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Shifting the Clutter

Rabbi Yehuda Septimus

I was standing right near the doors on a crowded train back to Rosedale from the city on Tuesday afternoon. A VERY crowded train. Next to me stood a man with two boys. The younger of the two boys was complaining incessantly to his father that he was tired and his legs were hurting. The complaints mounted, only rising in volume. The travelers were getting annoyed. The father was getting mortified. And boy didn't really care about anything other than the fact that he was tired. 

As I looked around at this train stuffed with miserable people squashed against one another, I noticed the women standing on the other side of me had one of those large sized wheely suitcases. It had a handbag on it, and her husband stood next to her with a smaller wheely suitcases. In a moment of what some might call nosiness I turned to the woman and said to her, would you perhaps like to ask this little boy whether he’d like to sit on your suitcase?

The woman's face immediately lit up. She put the handbag on her husband's suitcase and asked the boy whether he'd like to sit on her suitcase. The father put him up on the suitcase, holding the happy boy’s hand to make sure he wouldn't fall off. The father’s relief was palpable – as was the boy's, as was the relief of the people who were no longer listening to a crying, complaining boy.

What happened on that train? What had happened is that we were all standing in a cluttered space.  And our MINDS were cluttered -- with discomfort and troubling complaints. One tiny shift of that clutter changed everything.

What is true on the train is true in the brain. Move some clutter around, and new opportunities arise, possibilities we simply could not see before.  

After revealing himself to the brothers Yosef cries. 

.טו.  וַיְנַשֵּׁק לְכָל-אֶחָיו, וַיֵּבְךְּ עֲלֵהֶם; וְאַחֲרֵי כֵן, דִּבְּרוּ אֶחָיו אִתּוֹ 
15. And he kissed all his brethren, and wept upon them; and after that his brethren talked with him.

But we have already been told of his crying twice before in this same scene. The first time is immediately after he reveals himself to them.

.ב.  וַיִּתֵּן אֶת-קֹלוֹ, בִּבְכִי; וַיִּשְׁמְעוּ מִצְרַיִם, וַיִּשְׁמַע בֵּית פַּרְעֹה    
2. And he wept aloud; and the Egyptians heard, and the house of Pharaoh heard.

When Yosef first reveals himself to the brothers they are dumbfound and can't speak. Yosef jumps in with a long speech about how they should not beat themselves up for their moral failures, seeing that it was clearly the Hand of Providence that led Yosef down to Egypt. But after that long speech, Yosef lays eyes on his younger brother Binyamin, for the first time in his revealed state as Yosef:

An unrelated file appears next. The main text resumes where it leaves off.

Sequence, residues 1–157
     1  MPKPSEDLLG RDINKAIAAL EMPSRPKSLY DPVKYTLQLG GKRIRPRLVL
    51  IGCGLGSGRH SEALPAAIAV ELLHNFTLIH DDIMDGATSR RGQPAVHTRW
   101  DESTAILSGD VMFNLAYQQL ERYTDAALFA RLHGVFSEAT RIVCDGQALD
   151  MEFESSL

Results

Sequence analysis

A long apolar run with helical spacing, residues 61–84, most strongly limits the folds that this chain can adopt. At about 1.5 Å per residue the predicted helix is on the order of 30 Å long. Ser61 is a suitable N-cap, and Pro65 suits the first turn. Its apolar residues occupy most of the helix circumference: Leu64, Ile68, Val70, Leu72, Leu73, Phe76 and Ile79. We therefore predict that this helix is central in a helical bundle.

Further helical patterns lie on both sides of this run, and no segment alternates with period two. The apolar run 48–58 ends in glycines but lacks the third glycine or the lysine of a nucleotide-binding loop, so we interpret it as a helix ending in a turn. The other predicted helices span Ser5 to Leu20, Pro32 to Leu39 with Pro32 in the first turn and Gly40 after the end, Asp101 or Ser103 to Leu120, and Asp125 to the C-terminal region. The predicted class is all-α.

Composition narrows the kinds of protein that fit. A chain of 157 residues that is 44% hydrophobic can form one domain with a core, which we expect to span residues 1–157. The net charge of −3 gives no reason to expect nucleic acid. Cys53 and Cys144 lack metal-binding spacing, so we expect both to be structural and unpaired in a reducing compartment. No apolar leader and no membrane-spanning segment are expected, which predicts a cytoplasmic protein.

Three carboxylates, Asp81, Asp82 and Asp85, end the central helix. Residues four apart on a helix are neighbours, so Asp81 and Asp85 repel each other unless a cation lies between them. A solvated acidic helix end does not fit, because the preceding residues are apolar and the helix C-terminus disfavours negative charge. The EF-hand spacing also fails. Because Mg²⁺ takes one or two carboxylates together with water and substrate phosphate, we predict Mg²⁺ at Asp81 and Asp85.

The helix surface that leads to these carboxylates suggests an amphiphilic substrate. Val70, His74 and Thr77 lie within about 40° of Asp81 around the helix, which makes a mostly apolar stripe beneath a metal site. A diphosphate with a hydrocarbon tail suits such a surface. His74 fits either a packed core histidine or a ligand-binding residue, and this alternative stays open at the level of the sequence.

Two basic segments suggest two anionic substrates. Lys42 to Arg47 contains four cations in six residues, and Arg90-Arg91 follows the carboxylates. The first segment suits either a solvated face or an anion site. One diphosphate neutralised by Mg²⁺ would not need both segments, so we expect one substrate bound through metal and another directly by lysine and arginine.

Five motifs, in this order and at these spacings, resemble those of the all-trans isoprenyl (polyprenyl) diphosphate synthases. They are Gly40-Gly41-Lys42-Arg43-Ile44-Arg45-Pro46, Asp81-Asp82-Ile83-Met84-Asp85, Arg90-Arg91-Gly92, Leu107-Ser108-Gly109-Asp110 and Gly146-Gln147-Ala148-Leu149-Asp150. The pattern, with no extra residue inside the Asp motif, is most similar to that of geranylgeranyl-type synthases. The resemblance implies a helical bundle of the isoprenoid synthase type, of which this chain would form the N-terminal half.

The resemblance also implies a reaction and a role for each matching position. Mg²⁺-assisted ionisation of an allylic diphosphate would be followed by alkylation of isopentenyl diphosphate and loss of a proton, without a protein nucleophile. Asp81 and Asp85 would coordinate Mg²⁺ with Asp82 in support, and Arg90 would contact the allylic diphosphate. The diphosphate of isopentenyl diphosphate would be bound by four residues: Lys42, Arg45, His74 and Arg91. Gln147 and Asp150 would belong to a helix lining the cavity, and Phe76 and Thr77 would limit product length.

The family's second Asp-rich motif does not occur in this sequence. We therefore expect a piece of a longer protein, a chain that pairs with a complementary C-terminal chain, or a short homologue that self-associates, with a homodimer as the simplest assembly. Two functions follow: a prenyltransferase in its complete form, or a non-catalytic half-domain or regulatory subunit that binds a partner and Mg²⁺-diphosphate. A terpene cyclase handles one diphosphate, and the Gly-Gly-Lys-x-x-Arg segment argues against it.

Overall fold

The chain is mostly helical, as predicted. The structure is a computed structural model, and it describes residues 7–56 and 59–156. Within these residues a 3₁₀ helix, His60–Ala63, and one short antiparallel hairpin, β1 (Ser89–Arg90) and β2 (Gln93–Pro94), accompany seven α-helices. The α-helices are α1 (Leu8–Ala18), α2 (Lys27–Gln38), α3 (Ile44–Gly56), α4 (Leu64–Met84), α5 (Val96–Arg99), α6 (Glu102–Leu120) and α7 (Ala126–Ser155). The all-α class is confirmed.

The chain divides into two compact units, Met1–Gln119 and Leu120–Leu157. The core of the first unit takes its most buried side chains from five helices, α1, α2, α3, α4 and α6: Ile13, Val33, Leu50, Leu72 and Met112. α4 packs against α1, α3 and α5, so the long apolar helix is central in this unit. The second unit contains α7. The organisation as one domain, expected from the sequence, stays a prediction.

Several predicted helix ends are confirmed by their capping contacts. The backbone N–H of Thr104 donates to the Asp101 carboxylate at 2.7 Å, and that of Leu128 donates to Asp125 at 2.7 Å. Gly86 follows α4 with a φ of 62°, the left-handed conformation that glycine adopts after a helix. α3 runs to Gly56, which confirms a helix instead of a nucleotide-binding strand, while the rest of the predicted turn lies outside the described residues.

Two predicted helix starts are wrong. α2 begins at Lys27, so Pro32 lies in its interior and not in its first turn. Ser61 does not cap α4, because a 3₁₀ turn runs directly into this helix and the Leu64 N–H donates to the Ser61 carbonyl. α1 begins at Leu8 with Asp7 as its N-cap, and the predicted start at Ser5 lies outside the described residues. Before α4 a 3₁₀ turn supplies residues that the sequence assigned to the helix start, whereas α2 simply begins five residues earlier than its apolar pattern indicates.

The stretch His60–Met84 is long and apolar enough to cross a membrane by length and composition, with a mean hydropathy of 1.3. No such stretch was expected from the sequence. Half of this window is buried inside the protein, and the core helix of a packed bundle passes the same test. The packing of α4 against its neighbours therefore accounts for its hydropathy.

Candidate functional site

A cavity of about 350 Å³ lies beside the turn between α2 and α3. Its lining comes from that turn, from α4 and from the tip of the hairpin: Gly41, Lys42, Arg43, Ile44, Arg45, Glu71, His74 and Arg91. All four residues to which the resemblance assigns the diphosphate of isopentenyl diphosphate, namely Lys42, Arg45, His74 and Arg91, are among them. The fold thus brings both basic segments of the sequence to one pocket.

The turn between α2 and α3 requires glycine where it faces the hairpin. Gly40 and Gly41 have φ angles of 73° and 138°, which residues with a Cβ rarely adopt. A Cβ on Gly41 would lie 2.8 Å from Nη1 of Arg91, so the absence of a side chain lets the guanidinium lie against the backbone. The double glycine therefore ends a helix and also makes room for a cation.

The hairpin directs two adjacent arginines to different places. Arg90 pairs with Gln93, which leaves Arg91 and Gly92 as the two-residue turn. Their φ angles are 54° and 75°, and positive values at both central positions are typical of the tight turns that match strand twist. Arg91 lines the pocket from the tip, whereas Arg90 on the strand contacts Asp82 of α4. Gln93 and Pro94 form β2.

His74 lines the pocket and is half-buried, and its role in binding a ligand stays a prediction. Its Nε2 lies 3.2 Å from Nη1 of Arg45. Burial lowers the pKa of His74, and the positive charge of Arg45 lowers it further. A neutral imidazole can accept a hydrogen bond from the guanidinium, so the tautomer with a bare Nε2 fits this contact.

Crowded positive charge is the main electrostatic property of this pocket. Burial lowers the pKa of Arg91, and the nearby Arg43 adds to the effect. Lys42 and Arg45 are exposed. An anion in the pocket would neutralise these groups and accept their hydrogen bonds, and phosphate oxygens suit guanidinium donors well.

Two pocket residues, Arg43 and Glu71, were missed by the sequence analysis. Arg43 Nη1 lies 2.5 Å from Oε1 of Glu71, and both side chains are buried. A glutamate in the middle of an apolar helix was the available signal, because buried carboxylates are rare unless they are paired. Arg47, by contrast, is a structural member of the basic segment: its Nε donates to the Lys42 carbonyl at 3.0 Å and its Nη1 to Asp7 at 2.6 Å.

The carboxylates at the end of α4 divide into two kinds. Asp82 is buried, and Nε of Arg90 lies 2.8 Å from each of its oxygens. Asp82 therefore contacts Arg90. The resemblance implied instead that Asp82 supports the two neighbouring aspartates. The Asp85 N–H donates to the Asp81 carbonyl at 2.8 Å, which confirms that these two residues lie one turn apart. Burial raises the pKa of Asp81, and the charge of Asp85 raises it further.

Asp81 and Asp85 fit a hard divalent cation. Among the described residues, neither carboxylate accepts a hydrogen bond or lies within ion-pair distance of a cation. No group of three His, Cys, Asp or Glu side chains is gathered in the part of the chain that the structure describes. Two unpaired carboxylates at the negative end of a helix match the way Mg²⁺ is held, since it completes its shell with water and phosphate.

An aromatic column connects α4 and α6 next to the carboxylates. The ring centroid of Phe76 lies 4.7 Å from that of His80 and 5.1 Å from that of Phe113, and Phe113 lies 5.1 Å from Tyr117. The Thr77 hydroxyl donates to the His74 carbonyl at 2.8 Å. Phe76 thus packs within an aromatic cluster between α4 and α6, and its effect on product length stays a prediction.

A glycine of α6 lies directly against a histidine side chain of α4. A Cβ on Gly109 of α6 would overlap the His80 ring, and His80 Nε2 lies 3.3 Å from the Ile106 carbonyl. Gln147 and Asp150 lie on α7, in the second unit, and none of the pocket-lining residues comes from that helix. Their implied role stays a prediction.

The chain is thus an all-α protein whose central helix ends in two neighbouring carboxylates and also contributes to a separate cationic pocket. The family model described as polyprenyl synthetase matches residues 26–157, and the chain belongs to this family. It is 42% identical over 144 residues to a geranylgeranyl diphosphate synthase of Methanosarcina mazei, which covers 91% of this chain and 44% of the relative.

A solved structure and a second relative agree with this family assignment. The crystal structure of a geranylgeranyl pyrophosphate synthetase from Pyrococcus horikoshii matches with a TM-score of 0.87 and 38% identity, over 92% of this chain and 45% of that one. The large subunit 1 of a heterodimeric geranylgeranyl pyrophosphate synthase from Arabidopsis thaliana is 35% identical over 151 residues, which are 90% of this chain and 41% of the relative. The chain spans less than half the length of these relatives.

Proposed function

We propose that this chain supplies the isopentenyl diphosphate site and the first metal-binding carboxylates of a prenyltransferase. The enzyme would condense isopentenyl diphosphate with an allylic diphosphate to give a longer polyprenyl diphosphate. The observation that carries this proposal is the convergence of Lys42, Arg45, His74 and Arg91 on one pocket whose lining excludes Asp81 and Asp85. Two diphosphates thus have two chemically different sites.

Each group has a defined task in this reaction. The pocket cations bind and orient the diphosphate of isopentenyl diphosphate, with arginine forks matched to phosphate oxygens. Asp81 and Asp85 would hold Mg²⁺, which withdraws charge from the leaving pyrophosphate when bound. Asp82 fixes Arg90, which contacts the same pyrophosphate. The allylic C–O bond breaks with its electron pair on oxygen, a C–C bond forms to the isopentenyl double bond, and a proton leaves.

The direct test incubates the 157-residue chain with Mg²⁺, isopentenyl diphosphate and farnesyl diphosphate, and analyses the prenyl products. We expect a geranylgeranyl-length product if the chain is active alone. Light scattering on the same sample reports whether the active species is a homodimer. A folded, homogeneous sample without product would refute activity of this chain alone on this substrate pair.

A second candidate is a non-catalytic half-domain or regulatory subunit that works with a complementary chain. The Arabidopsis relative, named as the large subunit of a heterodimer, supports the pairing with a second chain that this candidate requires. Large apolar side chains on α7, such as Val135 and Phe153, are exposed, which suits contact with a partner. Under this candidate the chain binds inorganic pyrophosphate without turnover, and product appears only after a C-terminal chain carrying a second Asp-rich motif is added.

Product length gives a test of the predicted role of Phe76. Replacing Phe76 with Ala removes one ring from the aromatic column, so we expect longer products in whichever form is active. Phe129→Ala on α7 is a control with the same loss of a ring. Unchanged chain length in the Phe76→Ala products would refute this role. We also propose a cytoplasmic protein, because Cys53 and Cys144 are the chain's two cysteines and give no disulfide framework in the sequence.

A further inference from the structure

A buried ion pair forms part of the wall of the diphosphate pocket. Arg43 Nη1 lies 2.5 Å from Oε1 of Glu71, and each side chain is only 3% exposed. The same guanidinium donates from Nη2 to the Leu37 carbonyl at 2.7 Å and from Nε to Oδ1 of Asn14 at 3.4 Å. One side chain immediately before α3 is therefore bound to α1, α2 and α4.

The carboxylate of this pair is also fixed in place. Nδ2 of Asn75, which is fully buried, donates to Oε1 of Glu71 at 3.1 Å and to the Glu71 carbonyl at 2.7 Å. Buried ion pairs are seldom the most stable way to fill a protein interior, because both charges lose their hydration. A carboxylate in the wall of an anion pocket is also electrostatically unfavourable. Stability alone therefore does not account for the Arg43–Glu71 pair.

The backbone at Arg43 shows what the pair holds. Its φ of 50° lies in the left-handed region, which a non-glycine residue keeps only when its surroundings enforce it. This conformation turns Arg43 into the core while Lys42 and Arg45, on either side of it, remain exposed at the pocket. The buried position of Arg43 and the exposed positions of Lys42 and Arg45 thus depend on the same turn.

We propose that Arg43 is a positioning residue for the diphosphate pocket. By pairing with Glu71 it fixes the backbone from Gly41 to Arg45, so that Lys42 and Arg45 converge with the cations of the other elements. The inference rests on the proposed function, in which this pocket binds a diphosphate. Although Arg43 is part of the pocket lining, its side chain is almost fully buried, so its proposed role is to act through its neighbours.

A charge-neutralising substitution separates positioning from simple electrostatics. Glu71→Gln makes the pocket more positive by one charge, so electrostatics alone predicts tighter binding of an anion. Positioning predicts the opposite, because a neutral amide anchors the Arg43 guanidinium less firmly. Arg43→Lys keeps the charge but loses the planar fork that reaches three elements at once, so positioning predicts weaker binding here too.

.יד.  וַיִּפֹּל עַל-צַוְּארֵי בִנְיָמִן-אָחִיו, וַיֵּבְךְּ; וּבִנְיָמִן--בָּכָה, עַל-צַוָּארָיו 
14. And he fell upon his brother Benjamin's neck, and wept; and Benjamin wept upon his neck.

Only now, after crying with Binyamin, does Yosef cry a second time, and this time Yosef succeeds in bringing the brothers out of their state of dumbfounded shock: וְאַחֲרֵי כֵן, דִּבְּרוּ אֶחָיו אִתּוֹ. Clearly something different is happening this second time that Yosef cries. What is it?

The Or HaChaim provides an answer to our question. The first time Yosef cries, his tears are the tears of regret and pain over the way he was treated by his brothers. The second time he cried, the Or HaChaim explains, Yosef was, for the first time, shedding tears of brotherly love. 

Until this moment, he was so overwhelmed by emotional clutter that he could not experience a most basic human emotion – love. When he was a child, he was consumed by a desire to be respected by his brothers. When they returned to Mitzrayim, he was consumed by a desire to exact revenge or to determine whether they had grown at all from what they had done. Only once he separated himself from this emotional clutter was Yosef able to see what was he free to feel – the love.

Similarly, in that moment of Yosef's revelation, the brothers were flooded by emotions and paralyzed by fear. Rightly, they did not know what to make of Yosef's initial tears. But when they saw Yosef move from his tears of pure brotherly love for Binyamin to tears of pure brotherly love for them, something even more amazing happened; Yosef's ability to clear his own emotional clutter became contagious. And it catalyzed the brothers’ return to a reality of being able to relate to Yosef in return. Such is the potential of a moment of emotional clarity on our parts; it can create emotional clearings for those around us as well.

We all have clutter that can blind us to what we might otherwise see, whether large or small.  Large...  like the parent whose fear of their child’s unruliness blinds them to the unique qualities their child possesses. Or like the entrepreneur whose fixation on lost opportunities blinds her to the opportunities that she herself can create. Or like the employee whose resentment of his boss's harshness blinds him to the potential the boss sees in him that motivates their tough stance. Or small... like the clutter of a train full of uncomfortable people too deafened by the cacophony of a boy's complaints to see the solution to his complaints right before him.

We all can become blinded by clutter. Seeing opportunities clearly requires a flexible attitude toward our own mental, emotional, and spiritual states. We will never eliminate all our clutter. But just an openness to making minor shifts in our internal frames of reference can pave the way for real change. The moment we embrace a reality of shifting and shift-able inner realities a new world of possibility awaits us.

Fri, September 21 2018 12 Tishrei 5779